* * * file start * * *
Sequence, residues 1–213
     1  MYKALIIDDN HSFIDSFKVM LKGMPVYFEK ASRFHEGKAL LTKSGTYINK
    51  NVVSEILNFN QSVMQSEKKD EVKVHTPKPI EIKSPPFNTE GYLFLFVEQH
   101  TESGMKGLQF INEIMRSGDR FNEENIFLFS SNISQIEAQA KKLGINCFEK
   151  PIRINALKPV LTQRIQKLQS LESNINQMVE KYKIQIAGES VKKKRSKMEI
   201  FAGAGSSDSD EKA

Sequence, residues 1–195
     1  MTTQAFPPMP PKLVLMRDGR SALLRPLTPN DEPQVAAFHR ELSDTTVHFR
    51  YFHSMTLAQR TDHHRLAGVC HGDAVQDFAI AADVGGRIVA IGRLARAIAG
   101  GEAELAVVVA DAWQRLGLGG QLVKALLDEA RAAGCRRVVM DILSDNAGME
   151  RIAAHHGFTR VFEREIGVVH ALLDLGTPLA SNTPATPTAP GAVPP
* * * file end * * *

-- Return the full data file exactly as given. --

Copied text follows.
Sequence, residues 1–213
     1  MYKALIIDDN HSFIDSFKVM LKGMPVYFEK ASRFHEGKAL LTKSGTYINK
    51  NVVSEILNFN QSVMQSEKKD EVKVHTPKPI EIKSPPFNTE GYLFLFVEQH
   101  TESGMKGLQF INEIMRSGDR FNEENIFLFS SNISQIEAQA KKLGINCFEK
   151  PIRINALKPV LTQRIQKLQS LESNINQMVE KYKIQIAGES VKKKRSKMEI
   201  FAGAGSSDSD EKA

Sequence, residues 1–195
     1  MTTQAFPPMP PKLVLMRDGR SALLRPLTPN DEPQVAAFHR ELSDTTVHFR
    51  YFHSMTLAQR TDHHRLAGVC HGDAVQDFAI AADVGGRIVA IGRLARAIAG
   101  GEAELAVVVA DAWQRLGLGG QLVKALLDEA RAAGCRRVVM DILSDNAGME
   151  RIAAHHGFTR VFEREIGVVH ALLDLGTPLA SNTPATPTAP GAVPP